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198Comparative Drama tion of Weltanschauung and period styles. Hamlet has often been mentioned as a typical product of the crisis of the Renaissance, of Mannerism , and this new interpretation supplies useful arguments for this view. It is a pity that the book only implies such notions instead of systematically explaining them. While The Elizabethan Hamlet has failed as reductionist but merited as an interesting effort to reconstruct certain patterns of Elizabethan thinking, Linda Kay Hoffs reading of Hamlet as a Reformation allegory has very little to satisfy the reader's expectations. In the center of her argument there is the problem of the Apocalpyse and the figure of the Antichrist in late sixteenth-century Europe. She sees Shakespeare's play as a mere allegorical illustration of these issues with special reference to the so-called Archpriest Controversy and the Catholic debate about the Immaculate Conception. Hoff, in addition to a rather schoolish survey of various scholarship on the political, cultural, and religious issues of Shakespeare's age, develops a careful reading of Hamlet in which she works out correspondences and allegorical translations of the play relating to the Book of Revelations and the two previously mentioned Catholic controversies. We read that Gertrudis and Claudius are the two "Beasts"; that the various mentions of Time reinforce the Apocalyptic message; that keywords like "wine," "whore," and "rotten" relate Hamlet to the Bible, etc. A typical argument runs as follows: "The first period of the history of the Christian Church was the 'time' of the apostolic fathers: a period of 'true religion' that preceded the papacy as old Hamlet preceded his brother Claudius. The new rule in the Denmark of Hamlet represents the shift from the initial 'time' of the Catholic Church's apostolic fathers, personified by Gertrude's 'firmer lord,' old Hamlet, to the central 'times' of the Catholic papacy and the dominion of Hamlet's Beast-c«m-Antichrist , Claudius, and his Harlot Queen, Gertrude as the Mother Church" (p. 133). I think even this short sample testifies that Hamlet's Choice is such an individual reading that it loses all contact with Hamlet. The monomaniac search for esoteric correspondences reminds me of some medieval exegetical writers who lacked interest in the objective validity of their concepts. Hoff's book is nothing else but an effort to turn Hamlet into a crossword puzzle, and the reader's uneasiness is not dissolved by the few interesting iconographie examples she offers. No doubt, the Shakespeare industry will move on. These two books will not pose any major obstacle in the way of further Hamlet interpretations. GYÖRGY E. SZÖNYI Attila József University, Szeged Mae J. Smethurst. The Artistry of Aeschylus and Zeami. Princeton: Princeton University Press, 1989. Pp. xii + 343. $47.50. Zeami Motokiyo (1363-1443), greatest dramatist of the Japanese No, was also its major theorist. Some fifty of his plays remain in the repertoire, and the publication of his treatises on dramatic technique Reviews199 and aesthetics—they were originally a secret professional literature— affords access to his intentions as well as his achievements. Add to these textual riches No's continuous tradition of performance and the preservation of fifteenth-century masks and costume designs, and the sum is ample for testing as well as formulating academic theses. What scholar could ask for more? It is certainly enough to excite the Classicist's interest and even envy. We have only a few texts, an archaeological record both spotty and inexact, and a knowledge of performance that is largely anecdotal, problematic, and late. What would we not give to see an actual mask from Aeschylus' day or to read a copy of Sophocles' lost treatise on the chorus? Small wonder that Professor Smethurst, who knows Greek drama well, ventures so joyously into foreign realms. So much that we cannot know about Aeschylus can be known about Zeami. Does that knowledge, interesting in itself, also have comparative value? Can an advanced knowledge of the one dramatist further our understanding of the other? There are legitimate grounds for comparison and for argument by analogy. The conditions of performance bear some superficial resemblance : sets of three solemn plays and a lighter companion performed outdoors...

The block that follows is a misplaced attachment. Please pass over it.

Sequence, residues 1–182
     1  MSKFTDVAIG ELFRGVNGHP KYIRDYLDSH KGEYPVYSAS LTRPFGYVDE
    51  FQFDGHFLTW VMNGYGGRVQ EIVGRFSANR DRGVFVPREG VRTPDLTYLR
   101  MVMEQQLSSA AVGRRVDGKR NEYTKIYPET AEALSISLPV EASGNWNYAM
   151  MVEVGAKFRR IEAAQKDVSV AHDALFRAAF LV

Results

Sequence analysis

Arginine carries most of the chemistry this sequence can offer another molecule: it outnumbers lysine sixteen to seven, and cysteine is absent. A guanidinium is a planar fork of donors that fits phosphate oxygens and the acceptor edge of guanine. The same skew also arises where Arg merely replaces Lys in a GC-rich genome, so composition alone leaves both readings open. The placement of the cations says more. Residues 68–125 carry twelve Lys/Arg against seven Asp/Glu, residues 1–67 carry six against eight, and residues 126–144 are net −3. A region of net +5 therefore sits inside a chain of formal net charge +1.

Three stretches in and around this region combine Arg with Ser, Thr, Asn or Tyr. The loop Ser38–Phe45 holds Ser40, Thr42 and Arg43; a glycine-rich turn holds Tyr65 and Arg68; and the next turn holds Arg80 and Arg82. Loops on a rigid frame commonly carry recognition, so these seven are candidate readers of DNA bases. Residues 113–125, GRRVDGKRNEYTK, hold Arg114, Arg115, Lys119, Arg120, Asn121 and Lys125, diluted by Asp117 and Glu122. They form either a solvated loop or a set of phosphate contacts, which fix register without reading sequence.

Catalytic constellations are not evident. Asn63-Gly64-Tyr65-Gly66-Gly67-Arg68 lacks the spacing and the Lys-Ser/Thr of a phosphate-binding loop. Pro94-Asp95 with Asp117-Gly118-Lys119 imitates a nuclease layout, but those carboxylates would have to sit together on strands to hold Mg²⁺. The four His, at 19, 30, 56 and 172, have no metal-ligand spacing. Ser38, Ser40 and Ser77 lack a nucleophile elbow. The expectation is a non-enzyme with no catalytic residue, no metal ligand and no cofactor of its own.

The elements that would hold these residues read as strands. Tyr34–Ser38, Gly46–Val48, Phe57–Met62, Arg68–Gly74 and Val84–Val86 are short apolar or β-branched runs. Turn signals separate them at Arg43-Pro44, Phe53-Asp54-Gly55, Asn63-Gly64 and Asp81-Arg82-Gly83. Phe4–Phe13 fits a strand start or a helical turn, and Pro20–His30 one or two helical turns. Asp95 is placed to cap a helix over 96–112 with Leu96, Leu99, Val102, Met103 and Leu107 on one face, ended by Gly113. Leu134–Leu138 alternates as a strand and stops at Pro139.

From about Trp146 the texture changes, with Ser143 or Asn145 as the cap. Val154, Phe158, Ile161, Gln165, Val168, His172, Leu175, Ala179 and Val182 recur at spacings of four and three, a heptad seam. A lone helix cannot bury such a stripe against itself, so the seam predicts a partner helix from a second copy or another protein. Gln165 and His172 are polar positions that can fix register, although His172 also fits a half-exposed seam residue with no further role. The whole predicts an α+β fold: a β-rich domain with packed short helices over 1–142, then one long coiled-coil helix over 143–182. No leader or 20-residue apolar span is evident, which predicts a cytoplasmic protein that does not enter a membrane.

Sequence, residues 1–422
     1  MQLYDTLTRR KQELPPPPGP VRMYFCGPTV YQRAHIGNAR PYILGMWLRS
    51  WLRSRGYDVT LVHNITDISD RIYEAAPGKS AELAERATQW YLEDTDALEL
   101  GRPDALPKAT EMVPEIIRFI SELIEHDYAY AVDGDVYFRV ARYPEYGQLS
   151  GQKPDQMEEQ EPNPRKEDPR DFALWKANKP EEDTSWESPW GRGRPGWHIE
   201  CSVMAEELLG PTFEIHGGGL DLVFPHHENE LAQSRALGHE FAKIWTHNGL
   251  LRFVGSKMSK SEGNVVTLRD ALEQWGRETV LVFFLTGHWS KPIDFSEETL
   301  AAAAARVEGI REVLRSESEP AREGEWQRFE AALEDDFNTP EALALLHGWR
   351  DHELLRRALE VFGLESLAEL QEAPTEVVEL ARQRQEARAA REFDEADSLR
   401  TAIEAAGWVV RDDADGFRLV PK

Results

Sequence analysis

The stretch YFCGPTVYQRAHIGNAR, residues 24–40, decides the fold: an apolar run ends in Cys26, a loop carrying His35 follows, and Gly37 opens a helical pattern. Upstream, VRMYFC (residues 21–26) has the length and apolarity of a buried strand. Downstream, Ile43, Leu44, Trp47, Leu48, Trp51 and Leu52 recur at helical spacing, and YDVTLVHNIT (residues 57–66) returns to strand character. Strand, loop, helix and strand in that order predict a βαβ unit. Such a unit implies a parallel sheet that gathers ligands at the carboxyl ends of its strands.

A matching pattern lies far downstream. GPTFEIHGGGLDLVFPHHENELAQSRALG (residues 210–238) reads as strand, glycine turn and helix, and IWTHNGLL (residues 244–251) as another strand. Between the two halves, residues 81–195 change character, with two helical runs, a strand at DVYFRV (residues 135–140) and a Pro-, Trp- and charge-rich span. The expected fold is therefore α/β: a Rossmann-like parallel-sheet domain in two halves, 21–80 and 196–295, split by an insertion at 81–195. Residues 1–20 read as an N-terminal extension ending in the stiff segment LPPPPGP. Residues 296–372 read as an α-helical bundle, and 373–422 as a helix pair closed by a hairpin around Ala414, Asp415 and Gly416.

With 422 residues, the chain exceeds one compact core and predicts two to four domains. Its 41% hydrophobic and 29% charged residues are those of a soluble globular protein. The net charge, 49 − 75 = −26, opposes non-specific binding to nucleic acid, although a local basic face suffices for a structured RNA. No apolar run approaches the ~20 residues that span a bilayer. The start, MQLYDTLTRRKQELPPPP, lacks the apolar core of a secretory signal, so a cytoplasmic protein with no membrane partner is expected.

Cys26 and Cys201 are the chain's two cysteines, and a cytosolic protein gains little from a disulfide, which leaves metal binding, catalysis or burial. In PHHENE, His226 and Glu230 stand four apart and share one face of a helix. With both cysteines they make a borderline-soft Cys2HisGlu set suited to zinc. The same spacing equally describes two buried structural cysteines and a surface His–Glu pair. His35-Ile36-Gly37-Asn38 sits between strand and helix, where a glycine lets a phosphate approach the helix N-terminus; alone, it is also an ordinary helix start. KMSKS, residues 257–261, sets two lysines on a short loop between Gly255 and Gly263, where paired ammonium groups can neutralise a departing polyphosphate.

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pp. 198-202
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